Wild Wonders – March 2021

Spring is on the way. When I drew the curtains a couple of weeks ago, a groggy ladybird fell onto the windowsill. Although most ladybirds hibernate outside, I usually find 3 or 4 a year who have decided my curtains are a better bet.

Which made me think what a tricky strategy hibernation is. Come out too early, and the weather and lack of suitable food could finish the creature off. Come out too late and there will be fierce competition for resources. Ladybirds are, of course, beetles. They are one of the best known of all insects, and are popular with gardeners for the prodigious number of aphids they can eat. There are more kinds of beetles on earth than any other species. They belong to the Coleoptera family and are distinguished by hardened forewings called elytra which protect the delicate hindwings. Ladybirds have a special cartoonish charm – with the bright wing cases, and various numbers of dots. One of the collective nouns for ladybirds is a ‘loveliness’.

There is huge variety in the Coleopteras; Stag beetles, Devil’s coachman, Deathwatch beetle. Not all welcome – Dutch Elm beetle which caused such devastation to our trees, Colorado beetle which decimates potato crops or Larder beetle which lives mainly indoors sharing our food with us, as the name would suggest. There is even a beetle which only eats mildew. Their success lies in their adaptability.

It is very regrettable that in the name of agricultural efficiency, miles and miles of hedges were stripped out in the early 1980s. There is something particularly desolate about huge sugar beet fields; we lived in Norfolk at that time, so we know at first hand. For many Rachel Carson’s book Silent Spring was a wake-up call; but agri-business tends to win the argument. With the hedges and woodland gone, there was no home for the natural predators of crop pests.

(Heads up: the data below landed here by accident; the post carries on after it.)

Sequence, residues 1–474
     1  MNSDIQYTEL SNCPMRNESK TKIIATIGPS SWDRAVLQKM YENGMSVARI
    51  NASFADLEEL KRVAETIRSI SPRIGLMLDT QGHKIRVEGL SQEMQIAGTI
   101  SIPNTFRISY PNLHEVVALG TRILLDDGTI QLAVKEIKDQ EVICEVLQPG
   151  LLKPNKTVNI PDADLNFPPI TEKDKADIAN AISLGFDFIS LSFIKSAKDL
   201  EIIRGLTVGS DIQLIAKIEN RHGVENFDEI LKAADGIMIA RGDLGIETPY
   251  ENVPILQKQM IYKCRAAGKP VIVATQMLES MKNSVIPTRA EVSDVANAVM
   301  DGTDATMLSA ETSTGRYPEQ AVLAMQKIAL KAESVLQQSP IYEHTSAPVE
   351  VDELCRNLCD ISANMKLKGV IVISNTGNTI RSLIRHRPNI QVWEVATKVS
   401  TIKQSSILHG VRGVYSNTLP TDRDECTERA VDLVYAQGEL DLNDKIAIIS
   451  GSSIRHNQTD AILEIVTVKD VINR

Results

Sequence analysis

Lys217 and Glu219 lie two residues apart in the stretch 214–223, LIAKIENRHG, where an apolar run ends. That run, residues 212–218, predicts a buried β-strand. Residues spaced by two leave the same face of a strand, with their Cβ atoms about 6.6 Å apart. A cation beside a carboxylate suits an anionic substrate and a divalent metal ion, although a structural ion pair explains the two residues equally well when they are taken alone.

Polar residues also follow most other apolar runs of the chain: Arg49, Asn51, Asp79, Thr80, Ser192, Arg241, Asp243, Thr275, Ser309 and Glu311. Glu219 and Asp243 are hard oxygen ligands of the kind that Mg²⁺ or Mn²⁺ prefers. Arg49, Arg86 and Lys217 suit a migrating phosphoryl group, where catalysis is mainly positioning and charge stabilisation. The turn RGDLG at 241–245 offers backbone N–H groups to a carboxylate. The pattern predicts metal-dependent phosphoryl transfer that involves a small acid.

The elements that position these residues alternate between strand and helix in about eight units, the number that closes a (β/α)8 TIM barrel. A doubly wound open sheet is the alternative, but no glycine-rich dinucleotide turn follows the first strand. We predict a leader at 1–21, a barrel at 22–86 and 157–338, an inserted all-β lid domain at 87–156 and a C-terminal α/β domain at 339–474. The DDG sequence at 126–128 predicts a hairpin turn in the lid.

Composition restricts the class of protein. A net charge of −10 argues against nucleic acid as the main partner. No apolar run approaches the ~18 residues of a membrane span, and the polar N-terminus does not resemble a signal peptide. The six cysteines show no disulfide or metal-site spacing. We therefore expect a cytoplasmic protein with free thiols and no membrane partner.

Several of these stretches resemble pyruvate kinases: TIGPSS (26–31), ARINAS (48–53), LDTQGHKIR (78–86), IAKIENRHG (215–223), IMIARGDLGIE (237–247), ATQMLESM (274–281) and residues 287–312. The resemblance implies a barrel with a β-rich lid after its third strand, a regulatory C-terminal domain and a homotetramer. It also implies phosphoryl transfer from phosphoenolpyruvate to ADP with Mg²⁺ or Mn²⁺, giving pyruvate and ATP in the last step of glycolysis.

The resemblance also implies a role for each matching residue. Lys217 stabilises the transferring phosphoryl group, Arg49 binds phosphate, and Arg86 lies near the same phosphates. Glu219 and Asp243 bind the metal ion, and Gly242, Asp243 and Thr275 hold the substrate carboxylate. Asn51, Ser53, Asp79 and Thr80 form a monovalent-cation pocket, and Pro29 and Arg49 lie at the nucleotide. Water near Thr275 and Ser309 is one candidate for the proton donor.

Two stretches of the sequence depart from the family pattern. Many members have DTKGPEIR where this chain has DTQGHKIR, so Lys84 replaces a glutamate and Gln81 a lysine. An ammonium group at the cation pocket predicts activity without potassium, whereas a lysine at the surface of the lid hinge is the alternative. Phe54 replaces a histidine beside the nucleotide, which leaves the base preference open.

Sugar beet is prone to mosaic fungus – spread by aphids. Monocultures are ultimately unsustainable – but in those days the suitability of drenching fields with pesticides was hardly questioned. Banning a particularly destructive pesticide often results in the rapid return of the pests, but unfortunately not their predators. As is the case with Thiamethoxam on sugar beet – it not only kills bees, but just about everything, including ladybirds which would help control the aphids. The sugar beet crop is now threatened, and powerful voices are calling for a resumption in the use of this pesticide.

It is heartening that there are now more discussions about farming methods – and environmental concerns are being taken increasingly seriously. We really can’t afford to get it all so wrong again.

What is a weed? The usual answer is a wild flower in the wrong place. No one, as far as I know has written a poem to praise vetch; perhaps it is because it rhymes with wretch? Its stealthy creep and humble flowers don’t lift the heart like poppies and cornflowers. One member of the vetch family – the hairy vetch is the plant known as ‘tares’ which Jesus uses in a parable in the Bible. Whilst the farmer slept, his enemy crept up and sowed tares amongst his good seed, ruining the harvest.

The Vetch family is related to the pea family – with twining tendrils and characteristic seedpods. It isn’t easy to distinguish which vetch is which – but there is a vigorous plant, likely to be Bush Vetch (Vicia sepium) growing throughout a neglected bench near Luck’s Green, on the Horsham Road. I noticed it in February already confidently reaching up and out – its pinky-purple flowers in tight bud. I might after all start a fan club, even though it has no medicinal or much nutritional value, its tenacity is awesome, for such a delicate looking plant.

With the better weather, work will start soon on Beryl Harvey Conservation Fields. We need volunteers. For further information: visit our conservation site in Cranleigh – or better, volunteer. Contact Philip Townsend at: for details.

We will be happy to hear your thoughts

Leave a reply

Cranleigh Magazine